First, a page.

below do not represent the setting of independent variables; on the operations below do not represent the setting of independent
contrary, each of the values set has a direct and measurable effect on variables; on the contrary, each of the values set has a direct and
the behaviour of the other variables. measurable effect on the behaviour of the other variables.
Network management operations follow: Network management operations follow:
- MANAGER and METER READER IDENTIFICATION: The manager should ensure - MANAGER and METER READER IDENTIFICATION: The manager should ensure
that meters report to the correct set of collection stations, and that meters report to the correct set of collection stations, and
take steps to prevent unauthorised access to usage information. take steps to prevent unauthorised access to usage information.
The collection stations so identified should be prepared to poll if The collection stations so identified should be prepared to poll if
necessary and accept data from the appropriate meters. Alternate necessary and accept data from the appropriate meters. Alternate
collection stations may be identified in case both the primary collection stations may be identified in case both the primary
manager and the primary collection station are unavailable. manager and the primary collection station are unavailable.
Similarly, alternate managers may be identified. Similarly, alternate managers may be identified.
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initial configuration. initial configuration.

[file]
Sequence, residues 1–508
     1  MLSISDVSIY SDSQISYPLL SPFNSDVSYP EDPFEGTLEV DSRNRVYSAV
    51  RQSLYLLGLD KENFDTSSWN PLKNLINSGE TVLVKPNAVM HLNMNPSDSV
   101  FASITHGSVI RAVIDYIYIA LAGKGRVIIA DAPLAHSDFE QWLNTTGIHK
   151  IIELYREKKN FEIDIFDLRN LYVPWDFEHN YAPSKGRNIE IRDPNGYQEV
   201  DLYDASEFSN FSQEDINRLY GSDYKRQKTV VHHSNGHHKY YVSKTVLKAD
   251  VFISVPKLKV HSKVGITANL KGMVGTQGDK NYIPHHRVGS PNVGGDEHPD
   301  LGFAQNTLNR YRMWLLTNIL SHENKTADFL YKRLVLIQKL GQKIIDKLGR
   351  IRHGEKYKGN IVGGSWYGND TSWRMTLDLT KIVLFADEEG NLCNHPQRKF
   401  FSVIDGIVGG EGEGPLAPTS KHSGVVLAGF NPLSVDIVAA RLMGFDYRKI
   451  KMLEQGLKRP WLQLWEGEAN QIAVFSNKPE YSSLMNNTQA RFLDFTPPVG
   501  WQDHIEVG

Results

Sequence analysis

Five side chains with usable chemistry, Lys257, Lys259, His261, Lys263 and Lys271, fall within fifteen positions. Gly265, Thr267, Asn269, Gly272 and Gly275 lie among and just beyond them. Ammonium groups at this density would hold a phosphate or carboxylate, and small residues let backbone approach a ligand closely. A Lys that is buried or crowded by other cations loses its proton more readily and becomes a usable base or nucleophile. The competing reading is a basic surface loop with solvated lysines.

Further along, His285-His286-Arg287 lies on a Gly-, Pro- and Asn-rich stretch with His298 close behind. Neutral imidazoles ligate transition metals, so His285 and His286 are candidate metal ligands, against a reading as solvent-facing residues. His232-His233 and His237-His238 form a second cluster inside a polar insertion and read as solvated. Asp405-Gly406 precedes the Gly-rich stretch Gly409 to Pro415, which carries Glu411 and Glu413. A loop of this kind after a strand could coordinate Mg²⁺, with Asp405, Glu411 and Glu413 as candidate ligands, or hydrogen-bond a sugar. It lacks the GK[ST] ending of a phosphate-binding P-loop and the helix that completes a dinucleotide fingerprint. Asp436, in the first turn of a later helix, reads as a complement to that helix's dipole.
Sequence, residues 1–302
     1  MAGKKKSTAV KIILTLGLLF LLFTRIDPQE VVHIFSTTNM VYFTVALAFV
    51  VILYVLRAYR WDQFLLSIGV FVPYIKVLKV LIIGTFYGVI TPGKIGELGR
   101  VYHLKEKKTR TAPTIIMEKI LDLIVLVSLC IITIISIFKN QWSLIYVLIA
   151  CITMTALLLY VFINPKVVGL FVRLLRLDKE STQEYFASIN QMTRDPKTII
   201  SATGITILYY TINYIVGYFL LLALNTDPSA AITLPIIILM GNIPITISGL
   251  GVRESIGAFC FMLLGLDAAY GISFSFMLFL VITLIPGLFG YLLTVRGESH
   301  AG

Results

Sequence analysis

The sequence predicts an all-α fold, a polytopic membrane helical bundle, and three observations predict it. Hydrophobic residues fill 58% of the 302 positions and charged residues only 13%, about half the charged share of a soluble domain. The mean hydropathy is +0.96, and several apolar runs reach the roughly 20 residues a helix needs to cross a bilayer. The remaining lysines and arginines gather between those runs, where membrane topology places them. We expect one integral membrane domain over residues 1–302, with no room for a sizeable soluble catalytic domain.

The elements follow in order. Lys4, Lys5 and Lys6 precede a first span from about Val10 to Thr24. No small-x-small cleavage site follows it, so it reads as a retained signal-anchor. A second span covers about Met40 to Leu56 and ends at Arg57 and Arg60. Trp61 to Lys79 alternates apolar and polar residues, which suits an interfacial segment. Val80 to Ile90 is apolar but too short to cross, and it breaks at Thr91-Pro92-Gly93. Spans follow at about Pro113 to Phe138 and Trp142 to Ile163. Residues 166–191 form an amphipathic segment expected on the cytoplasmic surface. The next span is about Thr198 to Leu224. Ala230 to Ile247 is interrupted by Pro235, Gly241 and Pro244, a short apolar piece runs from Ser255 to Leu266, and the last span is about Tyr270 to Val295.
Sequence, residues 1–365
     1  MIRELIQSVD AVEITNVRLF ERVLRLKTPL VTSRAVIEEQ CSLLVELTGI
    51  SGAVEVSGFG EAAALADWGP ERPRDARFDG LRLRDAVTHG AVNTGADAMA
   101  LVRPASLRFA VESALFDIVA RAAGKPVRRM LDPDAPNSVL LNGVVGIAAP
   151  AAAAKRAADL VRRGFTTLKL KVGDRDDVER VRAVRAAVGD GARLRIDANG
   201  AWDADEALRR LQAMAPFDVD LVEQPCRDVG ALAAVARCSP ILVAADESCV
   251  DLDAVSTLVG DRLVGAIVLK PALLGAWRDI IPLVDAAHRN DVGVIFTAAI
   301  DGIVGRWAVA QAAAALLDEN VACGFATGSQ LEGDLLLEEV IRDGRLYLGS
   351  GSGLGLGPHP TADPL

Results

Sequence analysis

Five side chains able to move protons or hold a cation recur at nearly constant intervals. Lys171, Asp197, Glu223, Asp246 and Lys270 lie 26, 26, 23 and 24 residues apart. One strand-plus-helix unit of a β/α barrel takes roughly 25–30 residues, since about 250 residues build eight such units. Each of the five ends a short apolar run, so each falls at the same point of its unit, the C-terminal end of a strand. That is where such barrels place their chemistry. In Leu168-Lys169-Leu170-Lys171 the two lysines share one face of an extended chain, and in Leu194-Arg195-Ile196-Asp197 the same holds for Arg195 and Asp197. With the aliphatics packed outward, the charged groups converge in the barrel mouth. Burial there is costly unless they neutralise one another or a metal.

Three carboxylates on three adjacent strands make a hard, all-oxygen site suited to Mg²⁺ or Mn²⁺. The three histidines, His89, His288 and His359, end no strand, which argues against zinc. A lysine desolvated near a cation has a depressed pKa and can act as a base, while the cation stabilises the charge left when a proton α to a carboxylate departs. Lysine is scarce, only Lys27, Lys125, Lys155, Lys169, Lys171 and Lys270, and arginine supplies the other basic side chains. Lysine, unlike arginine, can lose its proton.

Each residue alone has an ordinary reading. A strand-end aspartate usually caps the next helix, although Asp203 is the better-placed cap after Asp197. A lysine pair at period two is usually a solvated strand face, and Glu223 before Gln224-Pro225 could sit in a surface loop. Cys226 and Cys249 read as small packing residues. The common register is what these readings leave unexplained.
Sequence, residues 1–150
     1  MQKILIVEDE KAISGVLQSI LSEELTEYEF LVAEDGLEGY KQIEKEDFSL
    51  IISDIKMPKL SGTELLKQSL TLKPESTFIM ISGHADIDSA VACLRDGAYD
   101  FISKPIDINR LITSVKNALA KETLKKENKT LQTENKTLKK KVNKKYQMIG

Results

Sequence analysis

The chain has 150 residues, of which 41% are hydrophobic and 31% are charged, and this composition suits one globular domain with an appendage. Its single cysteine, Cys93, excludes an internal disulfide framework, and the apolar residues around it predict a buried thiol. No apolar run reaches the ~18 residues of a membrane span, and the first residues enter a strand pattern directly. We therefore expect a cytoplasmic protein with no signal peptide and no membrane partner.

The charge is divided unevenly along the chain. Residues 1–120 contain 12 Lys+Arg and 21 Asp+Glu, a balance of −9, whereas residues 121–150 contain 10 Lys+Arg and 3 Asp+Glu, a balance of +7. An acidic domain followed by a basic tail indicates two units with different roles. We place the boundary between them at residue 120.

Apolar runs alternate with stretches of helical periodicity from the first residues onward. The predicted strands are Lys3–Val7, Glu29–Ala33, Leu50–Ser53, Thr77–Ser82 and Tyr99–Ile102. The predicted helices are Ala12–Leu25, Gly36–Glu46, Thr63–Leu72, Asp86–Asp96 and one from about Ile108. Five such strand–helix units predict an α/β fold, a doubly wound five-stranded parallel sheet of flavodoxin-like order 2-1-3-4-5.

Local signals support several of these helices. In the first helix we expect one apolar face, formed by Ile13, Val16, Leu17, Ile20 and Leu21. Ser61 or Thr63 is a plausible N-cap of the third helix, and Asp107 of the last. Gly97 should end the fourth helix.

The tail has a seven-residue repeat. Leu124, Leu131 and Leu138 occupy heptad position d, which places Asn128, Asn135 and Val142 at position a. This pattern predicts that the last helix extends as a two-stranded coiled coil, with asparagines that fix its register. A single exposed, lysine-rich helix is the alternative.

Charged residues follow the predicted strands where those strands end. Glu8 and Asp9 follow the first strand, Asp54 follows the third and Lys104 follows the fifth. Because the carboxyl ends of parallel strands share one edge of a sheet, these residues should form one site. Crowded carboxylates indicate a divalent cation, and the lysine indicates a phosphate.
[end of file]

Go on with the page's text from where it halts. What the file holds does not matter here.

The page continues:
- FLOW LIFETIME CONTROL: Flow termination parameters include timeout - FLOW LIFETIME CONTROL: Flow termination parameters include timeout
parameters for obsoleting inactive flows and removing them from parameters for obsoleting inactive flows and removing them from
tables and maximum flow lifetimes. This is intertwined with tables and maximum flow lifetimes. This is intertwined with
reporting interval and granularity, and must be set in accordance reporting interval and granularity, and must be set in accordance
with the other parameters. with the other parameters.
6.3 Exception Conditions 6.3 Exception Conditions
Exception conditions must be handled, particularly occasions when the Exception conditions must be handled, particularly occasions when the
meter runs out of buffer space. Since, to prevent counting any packet meter runs out of buffer space. Since, to prevent counting any
twice, packets can only be counted in a single flow at any given time, packet twice, packets can only be counted in a single flow at any
discarding records will result in the loss of information. The given time, discarding records will result in the loss of
mechanisms to deal with this are as follows: information. The mechanisms to deal with this are as follows:
- METER OUTAGES: In case of impending meter outages (controlled - METER OUTAGES: In case of impending meter outages (controlled
crashes, etc.) the meter could send a trap to the manager. The crashes, etc.) the meter could send a trap to the manager. The
manager could then request one or more meter readers to pick up the manager could then request one or more meter readers to pick up the
usage record from the meter. usage record from the meter.
Following an uncontrolled meter outage such as a power failure, the Following an uncontrolled meter outage such as a power failure, the